Friday, October 17, 2008

Why Do Politicians Want Us To Panic?

John Mark Reynolds explains why political candidates try to incite panic in the public. He also warns us to worry about things we can actually change.

When the public, and the candidates, begin to panic, we "should resolutely mind our own business in this crisis, act charitably toward neighbors in need, comfort the fearful, and resolutely vote against those who would use this crisis to expand their power. The temptation to respond to every trouble brought to our attention by the media is a snare and a delusion."

When we begin to worry about the world, we forget about the things in our sphere of influence. If you worry globally, you become inept locally. "I have students who panic about poverty in the Sudan, but who are disinterested in the poor of our hometown." Is there anything worse than ignoring those needy around you because you are interested in someone's needs you cannot help? If everyone helped those in their direct sphere of influence, wouldn't the global problems begin to wane?

"Our actual neighbor who wants and needs our help is our business, but our culture makes it easier to know the troubles of someone else’s neighbor (across the world), than our physical compatriot. If we are not careful our compassion will be drained by images of all the suffering of mankind in general to the point that we have nothing left to give the particular unemployed fellow in the apartment across the way."

But this kind of idea is contrary to what the candidates want you to think about. They want you to panic, they need you to vote for them. If you are panicking and looking across the nation, and the world, you will want "change" which is the platform both candidates are running on. Different types of change, but change nonetheless.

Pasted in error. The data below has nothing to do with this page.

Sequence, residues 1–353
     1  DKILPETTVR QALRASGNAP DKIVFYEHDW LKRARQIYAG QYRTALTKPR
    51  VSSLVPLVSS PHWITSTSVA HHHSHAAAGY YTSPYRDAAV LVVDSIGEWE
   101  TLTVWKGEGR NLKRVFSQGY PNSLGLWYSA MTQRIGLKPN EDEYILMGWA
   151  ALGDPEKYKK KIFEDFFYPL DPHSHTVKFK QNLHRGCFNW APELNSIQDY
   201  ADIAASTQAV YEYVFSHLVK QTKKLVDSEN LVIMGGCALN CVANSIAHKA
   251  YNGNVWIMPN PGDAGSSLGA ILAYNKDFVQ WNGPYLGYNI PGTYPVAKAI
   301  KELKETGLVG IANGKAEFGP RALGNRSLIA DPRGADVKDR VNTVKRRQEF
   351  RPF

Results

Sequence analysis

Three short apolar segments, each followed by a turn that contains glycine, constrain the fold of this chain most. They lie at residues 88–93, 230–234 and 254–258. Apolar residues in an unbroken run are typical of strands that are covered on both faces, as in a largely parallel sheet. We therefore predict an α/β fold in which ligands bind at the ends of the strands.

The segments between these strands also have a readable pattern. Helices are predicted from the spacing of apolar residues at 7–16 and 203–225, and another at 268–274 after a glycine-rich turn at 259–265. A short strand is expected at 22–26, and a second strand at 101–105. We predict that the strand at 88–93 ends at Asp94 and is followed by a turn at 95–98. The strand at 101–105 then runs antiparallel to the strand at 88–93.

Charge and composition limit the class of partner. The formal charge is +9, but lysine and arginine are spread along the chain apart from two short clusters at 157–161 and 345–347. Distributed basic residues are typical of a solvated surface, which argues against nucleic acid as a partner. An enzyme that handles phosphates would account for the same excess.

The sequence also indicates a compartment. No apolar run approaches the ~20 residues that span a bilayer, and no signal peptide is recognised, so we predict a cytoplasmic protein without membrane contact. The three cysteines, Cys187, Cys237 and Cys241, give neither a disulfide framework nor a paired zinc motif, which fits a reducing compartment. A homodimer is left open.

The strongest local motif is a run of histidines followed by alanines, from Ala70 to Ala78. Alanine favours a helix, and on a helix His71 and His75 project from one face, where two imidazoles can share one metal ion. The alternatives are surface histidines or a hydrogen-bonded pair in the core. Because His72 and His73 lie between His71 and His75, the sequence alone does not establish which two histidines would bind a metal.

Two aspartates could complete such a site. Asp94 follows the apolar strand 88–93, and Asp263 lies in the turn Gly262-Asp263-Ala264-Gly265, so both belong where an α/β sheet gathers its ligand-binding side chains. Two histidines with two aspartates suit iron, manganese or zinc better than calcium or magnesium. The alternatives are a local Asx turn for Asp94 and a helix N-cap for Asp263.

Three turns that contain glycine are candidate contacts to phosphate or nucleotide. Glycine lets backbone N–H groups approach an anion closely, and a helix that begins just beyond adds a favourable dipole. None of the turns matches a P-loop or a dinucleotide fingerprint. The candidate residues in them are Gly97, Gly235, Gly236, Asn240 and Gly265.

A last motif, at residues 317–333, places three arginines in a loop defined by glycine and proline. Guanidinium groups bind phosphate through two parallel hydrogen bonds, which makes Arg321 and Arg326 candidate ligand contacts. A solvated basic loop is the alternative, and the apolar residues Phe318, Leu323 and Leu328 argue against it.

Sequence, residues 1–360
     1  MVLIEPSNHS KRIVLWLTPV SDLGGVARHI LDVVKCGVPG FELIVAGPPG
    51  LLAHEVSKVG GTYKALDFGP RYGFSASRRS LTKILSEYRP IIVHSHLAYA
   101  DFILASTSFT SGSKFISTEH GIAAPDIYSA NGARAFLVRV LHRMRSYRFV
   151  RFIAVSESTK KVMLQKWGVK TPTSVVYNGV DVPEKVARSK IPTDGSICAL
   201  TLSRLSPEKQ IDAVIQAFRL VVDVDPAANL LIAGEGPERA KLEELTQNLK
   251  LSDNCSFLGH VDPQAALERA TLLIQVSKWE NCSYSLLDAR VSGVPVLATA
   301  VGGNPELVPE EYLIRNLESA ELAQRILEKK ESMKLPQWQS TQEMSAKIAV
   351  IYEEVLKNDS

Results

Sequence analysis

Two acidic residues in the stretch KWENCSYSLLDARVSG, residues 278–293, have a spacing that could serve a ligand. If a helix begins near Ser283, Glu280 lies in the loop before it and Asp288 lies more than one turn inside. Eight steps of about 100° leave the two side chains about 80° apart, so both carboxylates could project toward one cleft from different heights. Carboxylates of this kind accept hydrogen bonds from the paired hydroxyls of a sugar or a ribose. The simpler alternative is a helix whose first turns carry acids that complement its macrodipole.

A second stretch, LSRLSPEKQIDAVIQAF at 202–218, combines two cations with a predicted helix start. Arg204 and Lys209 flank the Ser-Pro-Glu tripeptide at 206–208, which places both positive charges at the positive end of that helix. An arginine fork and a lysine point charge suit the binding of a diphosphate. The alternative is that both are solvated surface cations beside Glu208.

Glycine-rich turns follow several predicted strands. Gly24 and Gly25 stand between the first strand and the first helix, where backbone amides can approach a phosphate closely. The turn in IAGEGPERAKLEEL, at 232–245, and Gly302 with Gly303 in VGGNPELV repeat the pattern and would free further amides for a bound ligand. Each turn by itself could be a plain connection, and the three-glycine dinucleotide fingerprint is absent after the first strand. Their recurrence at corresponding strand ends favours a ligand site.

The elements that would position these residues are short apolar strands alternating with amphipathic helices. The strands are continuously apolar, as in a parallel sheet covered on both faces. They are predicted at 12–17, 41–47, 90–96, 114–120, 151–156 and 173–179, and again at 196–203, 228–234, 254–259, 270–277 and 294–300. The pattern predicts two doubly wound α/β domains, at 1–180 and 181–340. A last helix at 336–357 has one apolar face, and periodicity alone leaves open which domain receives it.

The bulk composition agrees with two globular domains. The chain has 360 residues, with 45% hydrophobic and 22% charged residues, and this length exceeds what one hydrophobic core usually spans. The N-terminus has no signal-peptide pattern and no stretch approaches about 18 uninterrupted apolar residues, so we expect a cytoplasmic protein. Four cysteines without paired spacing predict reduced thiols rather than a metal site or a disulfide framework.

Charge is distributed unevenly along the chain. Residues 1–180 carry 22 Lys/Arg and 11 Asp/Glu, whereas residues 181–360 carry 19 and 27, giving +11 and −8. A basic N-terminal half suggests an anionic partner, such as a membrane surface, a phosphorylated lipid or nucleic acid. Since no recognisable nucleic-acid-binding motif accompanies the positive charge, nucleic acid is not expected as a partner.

Reynolds continues, "Politicians generally think every election is the most important of our lifetime, because for them it is." This election is not necessarily more important for my day to day life than any other before it, but I do have a duty to vote my values and conscience for a candidate.

Hopefully, I will vote without fear or dread, but instead with my Christian worldview.

According to Reynolds, the traditional Christian votes "that government will protect our right to life, our absolute liberty to do good deeds, and our pursuit of happiness."

"Government cannot create real rights, such as life, goodness, or happiness, so most traditional Christians wish government to have a restricted role. We want government that defends God-given rights, not government that is god."

This standard makes both candidates seem like socialists, on the one hand we have a man who would (if he could) redistribute all wealth. On the other, the candidate wants to bail out companies responsible for the "recession" we are (and here is where we panic) inevitably in and will be in for years. They both want government which is too big for me.

But the choice is not hard. I will let Reynolds sum up:

"Only one team will protect innocent human life at all stages of development, and only one even pretends to limit the scope and power of government. Only one team lacks messianic pretense, so dangerous in this time. Both teams have promise, but only one has the humility to limit their promises."

"As a result, based on my hopes and not my fears, based on optimism and not anger, I will be voting for Senator John McCain and Governor Sarah Palin."

Yes, I will be voting McCain, Palin!

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